split = tag_string.split(" ")
  tags.delete tags.select{|t| split.include? t.name}
end

To get all models for a tag (and all in a single SQL query, thanks to the plugin):

Tag.find_by_name("artichoke").taggables

To get only a specific model for a tag:

Tag.find_by_name("artichoke").books

Easy and powerful. And if you need to find which tags are most popular, see here.

Make sure that you require the file containing your API methods in environment.rb, since Rails won’t load it automatically:

require 'tag_extensions'

performance note

It is more efficient if we add :skip_duplicates => false to the has_many_polymorphs :taggables call. Then the taggables for each Tag won’t get loaded at all during the <<, because there is no reason to check them.

If we do this, though, and use database constraints to enforce uniqueness, we need to manually rescue assignment errors in our tag_with method:

def tag_with tags
  tags.split(" ").each do |tag|
    begin
      Tag.find_or_create_by_name(tag).taggables << self
    rescue ActiveRecord::StatementInvalid => e
      raise unless e.to_s[/Duplicate entry/]
    end
  end
end

self-referential tagging

What if you want to be able to tag tags? This is more useful than might first appear. It lets you create an ad-hoc non-exclusive hierarchy of categories without extra models. This is much more maintainable than one based on hard-coded models for each level. But you need some way to distinguish “the tags tagged by a tag” and “the tags a tag is tagged by”—a directed graph. So we will rename the parent relationship:

class Tag < ActiveRecord::Base
  has_many_polymorphs :taggables,
    :from => [:books, :magazines, :tags],
    :through => :taggings,
    :dependent => :destroy,
    :as => :tagger
end

class Tagging < ActiveRecord::Base
  belongs_to :tagger,
             :class_name => "Tag",
             :foreign_key => "tagger_id"
  belongs_to :taggable,
             :polymorphic => true
end

Modify the migration accordingly. Now, you can use some_tag.taggables to get the targets of some_tag, and some_tag.taggers to get the tags for which some_tag is itself a target.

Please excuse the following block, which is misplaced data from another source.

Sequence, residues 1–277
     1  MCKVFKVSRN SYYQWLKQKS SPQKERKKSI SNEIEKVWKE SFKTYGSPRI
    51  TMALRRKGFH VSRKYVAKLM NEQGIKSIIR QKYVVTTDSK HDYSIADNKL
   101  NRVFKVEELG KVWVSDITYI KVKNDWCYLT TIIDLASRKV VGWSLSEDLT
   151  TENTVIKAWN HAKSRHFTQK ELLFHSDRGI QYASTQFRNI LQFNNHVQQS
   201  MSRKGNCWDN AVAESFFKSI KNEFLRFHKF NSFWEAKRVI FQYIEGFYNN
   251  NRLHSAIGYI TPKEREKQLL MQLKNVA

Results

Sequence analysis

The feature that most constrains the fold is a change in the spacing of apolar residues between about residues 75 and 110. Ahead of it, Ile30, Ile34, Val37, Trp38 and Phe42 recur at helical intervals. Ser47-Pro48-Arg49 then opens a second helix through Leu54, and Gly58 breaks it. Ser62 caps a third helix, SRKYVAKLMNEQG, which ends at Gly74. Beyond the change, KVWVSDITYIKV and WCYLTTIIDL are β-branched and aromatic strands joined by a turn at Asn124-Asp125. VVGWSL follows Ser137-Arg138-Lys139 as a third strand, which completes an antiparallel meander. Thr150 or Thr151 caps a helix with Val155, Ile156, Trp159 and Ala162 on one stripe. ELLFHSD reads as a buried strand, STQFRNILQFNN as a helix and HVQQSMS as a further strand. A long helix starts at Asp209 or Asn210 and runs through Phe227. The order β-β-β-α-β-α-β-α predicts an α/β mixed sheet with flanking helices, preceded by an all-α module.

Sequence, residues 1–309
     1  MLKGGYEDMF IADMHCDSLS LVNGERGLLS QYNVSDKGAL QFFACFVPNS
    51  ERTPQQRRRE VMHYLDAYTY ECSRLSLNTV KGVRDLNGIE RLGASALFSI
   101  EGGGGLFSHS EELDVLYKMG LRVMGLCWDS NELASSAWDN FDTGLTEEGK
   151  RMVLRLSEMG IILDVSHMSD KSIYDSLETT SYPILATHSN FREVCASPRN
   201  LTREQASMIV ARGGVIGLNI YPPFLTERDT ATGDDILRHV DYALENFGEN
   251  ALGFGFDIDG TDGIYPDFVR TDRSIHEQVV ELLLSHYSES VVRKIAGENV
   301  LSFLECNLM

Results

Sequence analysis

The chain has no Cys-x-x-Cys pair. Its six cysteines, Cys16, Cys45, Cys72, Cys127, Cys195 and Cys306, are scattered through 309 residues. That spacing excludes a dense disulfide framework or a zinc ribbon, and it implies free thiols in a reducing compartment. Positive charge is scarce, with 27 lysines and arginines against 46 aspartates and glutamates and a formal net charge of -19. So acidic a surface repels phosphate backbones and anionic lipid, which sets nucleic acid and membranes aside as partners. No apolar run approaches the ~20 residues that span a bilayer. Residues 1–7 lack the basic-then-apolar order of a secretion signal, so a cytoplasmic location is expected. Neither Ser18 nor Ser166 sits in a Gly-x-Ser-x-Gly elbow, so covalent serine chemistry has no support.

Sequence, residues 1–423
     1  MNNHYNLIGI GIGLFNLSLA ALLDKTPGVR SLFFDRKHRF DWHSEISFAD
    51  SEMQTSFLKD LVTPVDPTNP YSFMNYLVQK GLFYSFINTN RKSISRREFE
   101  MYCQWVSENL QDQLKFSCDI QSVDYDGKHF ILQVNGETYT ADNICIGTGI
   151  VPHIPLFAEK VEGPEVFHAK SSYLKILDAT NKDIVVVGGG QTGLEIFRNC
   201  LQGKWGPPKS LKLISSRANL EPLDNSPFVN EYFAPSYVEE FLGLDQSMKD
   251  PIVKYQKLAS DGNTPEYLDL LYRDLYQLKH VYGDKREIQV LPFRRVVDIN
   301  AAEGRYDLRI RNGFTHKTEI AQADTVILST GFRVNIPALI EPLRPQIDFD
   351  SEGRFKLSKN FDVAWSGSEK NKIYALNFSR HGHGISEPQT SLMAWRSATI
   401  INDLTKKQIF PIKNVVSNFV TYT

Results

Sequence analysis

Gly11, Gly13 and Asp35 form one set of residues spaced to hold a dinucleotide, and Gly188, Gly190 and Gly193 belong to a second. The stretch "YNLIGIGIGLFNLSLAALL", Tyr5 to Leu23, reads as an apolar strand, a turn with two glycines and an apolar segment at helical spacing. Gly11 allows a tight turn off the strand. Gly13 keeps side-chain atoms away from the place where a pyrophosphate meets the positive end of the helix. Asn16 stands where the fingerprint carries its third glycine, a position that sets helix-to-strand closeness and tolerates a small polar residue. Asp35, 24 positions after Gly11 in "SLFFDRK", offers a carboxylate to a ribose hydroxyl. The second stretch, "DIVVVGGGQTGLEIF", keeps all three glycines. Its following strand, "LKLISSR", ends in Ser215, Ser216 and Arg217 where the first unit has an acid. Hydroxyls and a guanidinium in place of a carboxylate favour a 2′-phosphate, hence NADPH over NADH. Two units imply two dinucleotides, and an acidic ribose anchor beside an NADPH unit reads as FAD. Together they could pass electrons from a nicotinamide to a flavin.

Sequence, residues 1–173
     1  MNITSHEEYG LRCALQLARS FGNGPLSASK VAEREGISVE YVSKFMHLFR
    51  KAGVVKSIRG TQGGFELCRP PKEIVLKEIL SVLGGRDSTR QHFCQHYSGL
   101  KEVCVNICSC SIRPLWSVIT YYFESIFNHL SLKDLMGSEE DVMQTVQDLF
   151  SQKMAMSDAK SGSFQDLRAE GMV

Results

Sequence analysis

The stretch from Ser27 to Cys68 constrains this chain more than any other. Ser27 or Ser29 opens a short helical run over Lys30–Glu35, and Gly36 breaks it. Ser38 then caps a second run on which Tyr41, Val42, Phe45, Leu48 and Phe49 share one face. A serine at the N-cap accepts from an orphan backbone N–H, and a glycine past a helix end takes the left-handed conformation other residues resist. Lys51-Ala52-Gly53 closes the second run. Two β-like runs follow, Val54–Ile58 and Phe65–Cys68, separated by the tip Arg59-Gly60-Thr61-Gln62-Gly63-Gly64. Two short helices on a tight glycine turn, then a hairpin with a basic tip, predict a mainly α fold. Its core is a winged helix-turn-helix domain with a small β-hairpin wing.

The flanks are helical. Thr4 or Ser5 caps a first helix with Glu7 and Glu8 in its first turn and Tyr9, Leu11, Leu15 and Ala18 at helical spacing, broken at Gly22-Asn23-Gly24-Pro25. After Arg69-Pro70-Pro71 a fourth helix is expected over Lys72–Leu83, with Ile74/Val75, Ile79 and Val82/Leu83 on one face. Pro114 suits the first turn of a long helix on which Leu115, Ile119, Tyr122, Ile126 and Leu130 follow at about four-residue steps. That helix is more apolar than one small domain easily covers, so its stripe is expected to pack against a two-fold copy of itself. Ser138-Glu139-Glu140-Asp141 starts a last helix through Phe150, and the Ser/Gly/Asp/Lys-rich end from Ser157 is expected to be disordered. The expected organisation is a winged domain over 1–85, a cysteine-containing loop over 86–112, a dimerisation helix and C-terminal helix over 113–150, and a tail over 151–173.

Note that your tag_delete method might have to be more longwinded due to this long-outstanding Rails bug. (Rails 1.2.3 might be ok now; it’s unclear.)

wrapping up

You should find, once you complete the move, that tag lookup is faster, that the API is more intuitive and in line with regular ActiveRecord, that database compatibility is improved, and that the subsystem is more extensible. Quite a benefit!

Since has_many_polymorphs is basically a huge superset of the acts_as_taggable features, there is not much that isn’t supported. Many people use has_many_polymorphs in production for tagging already. Join them!

if you don’t want to hoe… echoe

Hoe, a gem used to build gems, injects itself as a dependency into every gem it creates. To many people, this is unnecessary, since hardly anybody wants to perform meta-operations on a gem itself. Mainly they just want to use the included library.

update

The latest documentation for Echoe is here.

update 2

I don’t recommend bothering with the conditional require anymore. People can figure out a LoadError easily enough, and it really clutters up the Rakefile.

the fork of destiny

But we don’t want unused libraries on the production server. What to do? Forget Hoe, and write the Rakefile by hand? I’ve certainly seen people do that. But remember, Hoe is open source. So let’s fork it:

sudo gem install echoe

Echoe is part of the Snax Fauna, little beasts running all over the place.

what’s changed?

Echoe 1.0.0 is based on Hoe 1.1.6. However, it does not inject itself as a dependency. If you want to still publish meta tasks in a Rakefile, you could do as follows:

require 'rubygems'
require 'rake'
begin
  require 'echoe'

  # all your regular Echoe/Hoe config

rescue LoadError => boom
  puts "You are missing a dependency required for meta-operations on this gem."
  puts "#{boom.to_s.capitalize}."

  desc 'No effect.'
  task :default; end

  # if you still want tests when Echoe is not present
  desc 'Run the test suite.'
  task :test do
     system "ruby -Ibin:lib:test some_tests_test.rb" # or whatever
  end
end

Then, people can still run the tests, and in the unlikely event that they want to mess with the gem itself, they can install Echoe. But nothing is forced on you. No opinions. No vinegar. No badgers.

Maybe badgers.